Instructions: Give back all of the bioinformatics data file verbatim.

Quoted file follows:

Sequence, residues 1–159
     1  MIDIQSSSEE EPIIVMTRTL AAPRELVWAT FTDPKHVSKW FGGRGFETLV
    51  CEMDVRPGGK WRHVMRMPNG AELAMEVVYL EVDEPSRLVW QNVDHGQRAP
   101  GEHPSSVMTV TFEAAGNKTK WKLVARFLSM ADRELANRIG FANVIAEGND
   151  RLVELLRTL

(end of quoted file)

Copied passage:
Sequence, residues 1–159
     1  MIDIQSSSEE EPIIVMTRTL AAPRELVWAT FTDPKHVSKW FGGRGFETLV
    51  CEMDVRPGGK WRHVMRMPNG AELAMEVVYL EVDEPSRLVW QNVDHGQRAP
   101  GEHPSSVMTV TFEAAGNKTK WKLVARFLSM ADRELANRIG FANVIAEGND
   151  RLVELLRTL